SALT LAKE CITY — Today we continue with our ongoing theme of the last couple of weeks — College Football is a Big Hot Mess, Vol. 4.
This time we turn our attention to the Big Ten Conference, which has made three absolute final decisions about the football season and then changed its mind each time, reversing field faster than Lamar Jackson. Who’s running this thing, Rob Manfred? First, they’re going to play football this fall, then they’re not but they might play in the spring, and now it’s being reported they’re going to play later this fall. Maybe.
Or possibly indoors during the winter, whatever.
Do you get the feeling they don’t know what they’re doing?
On July 9, Big Ten officials announced the league would play only conference games because of the pandemic, which of course meant eliminating dozens of games against nonconference opponents.
On Aug. 5, they announced their newly revamped conference-only schedule.
On Aug. 11 — less than a week later — they announced they would cancel the entire season with hopes of playing in the spring. In an open letter to the public, Kevin Warren, the Big Ten’s dithering commissioner, wrote, “The vote by the Big Ten Council of presidents and chancellors was overwhelmingly in support of postponing fall sports and will not be revisited.”
Hold that thought because on Aug. 28 — about two weeks later — the conference revisited the decision. According to USA Today, the league is discussing a season that would start on the week of Thanksgiving, although The Journal Sentinel reported in early August that league officials were working on a plan to play an eight-game indoor season, beginning in January. An unnamed league source told CBS that fall play is a long shot.
Ohio State athletic director Gene Smith told The Columbus Dispatch, “multiple plans are and have been discussed … No leader. Just multiple ideas. Working closely with our television partners.”
The league has established a return to competition task force to study the issue. It’s never a good thing when task forces and committees are summoned. All this fuss and, meanwhile, six other conferences are planning to play the season.
Let’s pause here to imagine the season ahead if the Big Ten resurrects its football season. The majority of schools will start their seasons at some point in September; the Big Ten will start at Thanksgiving time or maybe January; three conferences — and possibly a fourth — are considering a spring season (not going to happen, but let’s say for argument’s sake it does). How would national rankings, a national playoff and the bowl season work under such a scenario?
At the very least, the Big Ten — and the Pac-12, as well — acted prematurely in shutting down their seasons, and now they have to be regretting their decision. It will look even worse when the three other Power Five conferences — SEC, ACC and Big 12 — begin their seasons this month. Besides the intrinsic value of the games, from a practical standpoint those schools will make millions from TV, gate receipts and advertisers, as well as gain a recruiting advantage — while the Big Ten and Pac-12 are parked on the sideline.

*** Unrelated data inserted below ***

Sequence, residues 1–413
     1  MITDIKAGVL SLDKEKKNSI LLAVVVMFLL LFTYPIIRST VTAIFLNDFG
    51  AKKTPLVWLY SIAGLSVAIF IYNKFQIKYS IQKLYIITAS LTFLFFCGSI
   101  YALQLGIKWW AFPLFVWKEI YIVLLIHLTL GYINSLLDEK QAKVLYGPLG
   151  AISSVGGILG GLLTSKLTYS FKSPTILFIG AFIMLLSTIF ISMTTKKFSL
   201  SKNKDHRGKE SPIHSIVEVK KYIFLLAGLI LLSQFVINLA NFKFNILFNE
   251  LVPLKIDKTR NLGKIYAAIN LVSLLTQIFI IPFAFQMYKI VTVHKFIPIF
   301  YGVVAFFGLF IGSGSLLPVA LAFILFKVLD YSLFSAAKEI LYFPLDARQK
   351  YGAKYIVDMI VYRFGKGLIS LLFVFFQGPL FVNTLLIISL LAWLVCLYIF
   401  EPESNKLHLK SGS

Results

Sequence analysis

They all have access to the same CDC information about the coronavirus, but their responses have been dramatically different. The Big Ten, Pac-12, Mid-American and Mountain West conferences canceled; the remaining six conferences will play on.
The Big Ten’s rash decision has affected a lot of other schools, as well. The original decision to play only conference games resulted in the cancellation of 33 home games, which, according to USA Today, means the loss of $22.2 million in guaranteed income for those schools. BYU alone lost two games against Big Ten teams, learning about the cancellations less than two months before the start of the season.
Since canceling the season, the Big Ten has received a strong backlash from fans, players, players’ parents and coaches. Maybe that is why the league has decided to revisit the subject after vowing not to. The dithering of league leadership — if it can be called that — has not helped.
The league refused to say definitively how it even reached the decision to cancel after being pressured from all sides for an explanation. Minnesota president Joan Gabel told CBS in early August, “We didn’t vote per se. It’s a deliberative process where we came to a decision together.” Penn State athletic director Sandy Barbour said, “It’s unclear to me whether or not there was a vote.”
As a result of a lawsuit brought by eight Nebraska football players, the Big Ten finally revealed this week that the decision was made by an 11-3 vote by school presidents and chancellors. CBS’s Dennis Dodd reported that Nebraska, Iowa and Ohio State voted to play in the fall. According to Omaha World-Herald reporter Sam McKewon, every Big Ten athletic director wanted to play the season, but they had no vote in the matter.
Some three weeks later, the league is back at the drawing board trying to make yet another decision about the football season. Whatever they decide, this time they mean it. Definitely. Maybe.